- The Telegraph
Indian and Chinese soldiers armed with sticks and stones have brawled again along their disputed frontier, Delhi said, as the neighbours' months-long border stand-off continued. Indian security officials said there were clashes after at least 18 Chinese soldiers tried to cross into Indian-claimed territory at Naku La in Sikkim on January 20. Soldiers on both sides were carrying firearms, but did not use them. A senior Indian Army official told the Telegraph that four Indian soldiers were wounded after they challenged the Chinese PLA soldiers. All four Indian wounded had been hospitalised, and their condition was described as stable. The officer said the number of injured Chinese was “in double figures”. An official army statement gave few details, describing the clash as a minor stand-off and saying it had been "resolved by local commanders as per established protocols". The military asked journalists "to refrain from overplaying or exaggerating" the incident. Zhao Lijian, Chinese foreign ministry spokesman, urged India "not to take any unilateral action that may further complicate or exacerbate the border tension." Yet an opinion piece in China's Global Times, a hawkish state-owned tabloid, said the reports were false and blamed Indian rumour-mongering. Tensions have been high since May when deadly clashes erupted high in the Karakoram mountains along the poorly defined frontier between the rivals. Both sides have mobilized tens of thousands of soldiers, artillery and fighter aircraft along the fiercely contested border known as the Line of Actual Control, or LAC, that separates Chinese and Indian-held territories from Ladakh in the west to India's eastern state of Arunachal Pradesh, which China claims in its entirety. May's brawl exploded into hand-to-hand combat with clubs, stones and fists on June 15 that left 20 Indian soldiers dead. China is believed to also have had casualties, but has not given any details. Indian and Chinese army commanders met for the ninth round of talks after a gap of two-and-a-half months in Ladakh on Sunday but neither side released any details of the outcome.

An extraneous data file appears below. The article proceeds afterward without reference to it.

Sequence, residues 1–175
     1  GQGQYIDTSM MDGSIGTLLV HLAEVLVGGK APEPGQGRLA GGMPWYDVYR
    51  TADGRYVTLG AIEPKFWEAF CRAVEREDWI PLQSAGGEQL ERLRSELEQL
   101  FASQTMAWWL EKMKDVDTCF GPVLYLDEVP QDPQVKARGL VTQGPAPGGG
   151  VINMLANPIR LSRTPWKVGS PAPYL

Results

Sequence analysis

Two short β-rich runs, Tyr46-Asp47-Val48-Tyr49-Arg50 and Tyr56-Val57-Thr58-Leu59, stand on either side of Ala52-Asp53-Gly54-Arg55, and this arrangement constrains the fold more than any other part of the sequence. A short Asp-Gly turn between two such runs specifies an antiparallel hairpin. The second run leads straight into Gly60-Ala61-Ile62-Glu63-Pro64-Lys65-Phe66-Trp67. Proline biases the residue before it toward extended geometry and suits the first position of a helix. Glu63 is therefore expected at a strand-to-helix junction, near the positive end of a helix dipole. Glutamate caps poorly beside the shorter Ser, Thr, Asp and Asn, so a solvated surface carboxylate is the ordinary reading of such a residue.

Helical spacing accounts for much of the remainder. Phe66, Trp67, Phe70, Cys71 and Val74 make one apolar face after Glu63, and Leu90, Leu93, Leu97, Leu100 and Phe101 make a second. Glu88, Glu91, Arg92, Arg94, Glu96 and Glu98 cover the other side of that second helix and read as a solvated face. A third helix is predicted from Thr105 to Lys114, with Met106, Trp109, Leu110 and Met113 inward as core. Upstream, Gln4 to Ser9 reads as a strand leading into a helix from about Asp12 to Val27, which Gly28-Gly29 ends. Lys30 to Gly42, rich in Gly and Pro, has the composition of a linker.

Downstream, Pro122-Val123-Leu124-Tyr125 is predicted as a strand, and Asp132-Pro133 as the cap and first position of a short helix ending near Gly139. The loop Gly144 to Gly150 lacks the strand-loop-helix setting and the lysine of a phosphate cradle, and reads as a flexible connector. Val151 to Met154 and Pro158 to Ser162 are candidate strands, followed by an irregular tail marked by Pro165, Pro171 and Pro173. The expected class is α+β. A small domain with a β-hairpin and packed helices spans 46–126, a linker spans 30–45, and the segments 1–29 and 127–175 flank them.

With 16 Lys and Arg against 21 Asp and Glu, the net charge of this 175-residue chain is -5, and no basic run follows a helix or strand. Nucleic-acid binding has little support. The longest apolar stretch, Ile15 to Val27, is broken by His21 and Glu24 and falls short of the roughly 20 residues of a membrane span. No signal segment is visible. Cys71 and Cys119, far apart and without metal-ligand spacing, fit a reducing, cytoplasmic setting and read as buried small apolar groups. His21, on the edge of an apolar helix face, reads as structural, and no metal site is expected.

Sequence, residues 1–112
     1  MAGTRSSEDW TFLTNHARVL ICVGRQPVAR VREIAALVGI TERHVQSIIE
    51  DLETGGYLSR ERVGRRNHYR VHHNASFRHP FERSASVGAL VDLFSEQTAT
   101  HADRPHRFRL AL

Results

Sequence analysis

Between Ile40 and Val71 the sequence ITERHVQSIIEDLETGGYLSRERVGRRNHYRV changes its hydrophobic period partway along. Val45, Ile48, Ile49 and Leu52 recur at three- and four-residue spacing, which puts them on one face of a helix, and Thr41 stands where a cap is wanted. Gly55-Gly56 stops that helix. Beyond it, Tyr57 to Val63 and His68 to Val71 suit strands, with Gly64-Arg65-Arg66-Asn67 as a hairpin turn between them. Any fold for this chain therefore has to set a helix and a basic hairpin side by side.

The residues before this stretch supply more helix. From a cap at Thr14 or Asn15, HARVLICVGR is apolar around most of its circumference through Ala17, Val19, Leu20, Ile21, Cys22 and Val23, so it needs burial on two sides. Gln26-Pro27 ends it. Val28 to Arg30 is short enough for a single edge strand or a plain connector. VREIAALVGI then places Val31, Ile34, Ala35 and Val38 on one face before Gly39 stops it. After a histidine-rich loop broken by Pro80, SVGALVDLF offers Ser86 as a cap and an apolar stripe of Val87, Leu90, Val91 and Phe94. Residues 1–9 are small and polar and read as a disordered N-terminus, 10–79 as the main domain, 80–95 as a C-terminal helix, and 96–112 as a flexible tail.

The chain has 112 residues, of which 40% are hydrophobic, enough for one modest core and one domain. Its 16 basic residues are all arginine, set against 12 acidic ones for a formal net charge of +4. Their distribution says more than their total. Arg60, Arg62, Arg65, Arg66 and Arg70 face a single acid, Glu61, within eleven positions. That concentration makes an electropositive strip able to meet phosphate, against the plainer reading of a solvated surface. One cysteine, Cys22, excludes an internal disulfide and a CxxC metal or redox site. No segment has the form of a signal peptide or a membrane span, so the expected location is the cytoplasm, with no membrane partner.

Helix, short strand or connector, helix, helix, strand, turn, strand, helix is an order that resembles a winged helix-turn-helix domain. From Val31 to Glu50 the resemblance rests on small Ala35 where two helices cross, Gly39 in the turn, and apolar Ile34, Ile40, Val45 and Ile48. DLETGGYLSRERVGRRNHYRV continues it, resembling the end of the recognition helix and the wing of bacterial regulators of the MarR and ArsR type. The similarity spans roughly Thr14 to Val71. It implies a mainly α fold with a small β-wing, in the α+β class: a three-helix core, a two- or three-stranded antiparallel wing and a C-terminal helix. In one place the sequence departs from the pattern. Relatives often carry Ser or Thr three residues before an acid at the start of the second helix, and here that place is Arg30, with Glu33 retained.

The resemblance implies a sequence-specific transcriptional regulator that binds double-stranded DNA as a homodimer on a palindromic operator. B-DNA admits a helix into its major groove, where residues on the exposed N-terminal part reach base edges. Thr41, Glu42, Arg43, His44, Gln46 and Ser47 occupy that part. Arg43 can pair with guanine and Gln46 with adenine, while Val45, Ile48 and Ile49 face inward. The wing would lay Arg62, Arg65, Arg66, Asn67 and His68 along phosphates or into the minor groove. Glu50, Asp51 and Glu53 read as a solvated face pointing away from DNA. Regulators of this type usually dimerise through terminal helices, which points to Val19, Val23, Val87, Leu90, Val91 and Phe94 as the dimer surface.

- Associated Press
Relatives of migrants from Guatemala said Monday they believe that 13 of the 19 charred corpses found in a northern Mexico border state could be their loved ones and the country's Foreign Ministry said it was collecting DNA samples from a dozen relatives to see if there was a match with any of the bodies. If true, the killings would revive memories of the 2010 massacre of 72 migrants in the same gang-ridden state of Tamaulipas. Ramiro Coronado told The Associated Press by telephone that he had a relative among a group of 13 migrants who left the province of San Marcos and were travelling together before family members lost contact with them on Thursday.
- The Independent
Newsmax said it already had enough correspondents at White House
Tens of thousands of Yemenis marched in Sanaa on Monday, heeding a call by the Iran-aligned Houthi movement to condemn the United States for labelling it a terrorist group and backing the Saudi-led military coalition that is battling it. The protesters filled a wide avenue in the Houthi-held capital, many holding banners that read: "America is the mother of terrorism". The Trump administration's designation of the group as a foreign terrorist organisation took effect on Jan. 19 but is being reviewed by the new administration of Joe Biden.
- Associated Press
Federal law enforcement officials are examining a number of threats aimed at members of Congress as the second trial of former President Donald Trump nears, including ominous chatter about killing legislators or attacking them outside of the U.S. Capitol, a U.S. official told The Associated Press. The threats, and concerns that armed protesters could return to sack the Capitol anew, have prompted the U.S. Capitol Police and other federal law enforcement to insist thousands of National Guard troops remain in Washington as the Senate moves forward with plans for Trump's trial, the official said.
- The Independent
The United States on Monday approved all transactions involving Yemen's Houthi movement for the next month as Washington reviews a Trump administration designation of the Iran-aligned group as a foreign terrorist organization. The move appeared designed to allay fears of companies and banks involved in commercial trade to Yemen, which relies almost solely on imports. The Treasury Department in a Frequently Asked Question specifically stated that foreign banks will not be exposed to sanctions "if they knowingly conduct or facilitate a transaction" for the Houthis.